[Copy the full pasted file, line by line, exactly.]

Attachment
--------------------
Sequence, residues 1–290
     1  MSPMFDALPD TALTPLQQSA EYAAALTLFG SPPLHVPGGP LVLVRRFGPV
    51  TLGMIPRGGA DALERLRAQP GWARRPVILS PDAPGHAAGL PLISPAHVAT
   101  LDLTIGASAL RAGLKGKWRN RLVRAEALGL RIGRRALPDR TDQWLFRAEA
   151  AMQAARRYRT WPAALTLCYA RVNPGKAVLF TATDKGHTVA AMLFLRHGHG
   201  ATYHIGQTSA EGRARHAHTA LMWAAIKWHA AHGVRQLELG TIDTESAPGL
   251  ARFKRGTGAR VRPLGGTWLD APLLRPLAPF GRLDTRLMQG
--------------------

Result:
Sequence, residues 1–290
     1  MSPMFDALPD TALTPLQQSA EYAAALTLFG SPPLHVPGGP LVLVRRFGPV
    51  TLGMIPRGGA DALERLRAQP GWARRPVILS PDAPGHAAGL PLISPAHVAT
   101  LDLTIGASAL RAGLKGKWRN RLVRAEALGL RIGRRALPDR TDQWLFRAEA
   151  AMQAARRYRT WPAALTLCYA RVNPGKAVLF TATDKGHTVA AMLFLRHGHG
   201  ATYHIGQTSA EGRARHAHTA LMWAAIKWHA AHGVRQLELG TIDTESAPGL
   251  ARFKRGTGAR VRPLGGTWLD APLLRPLAPF GRLDTRLMQG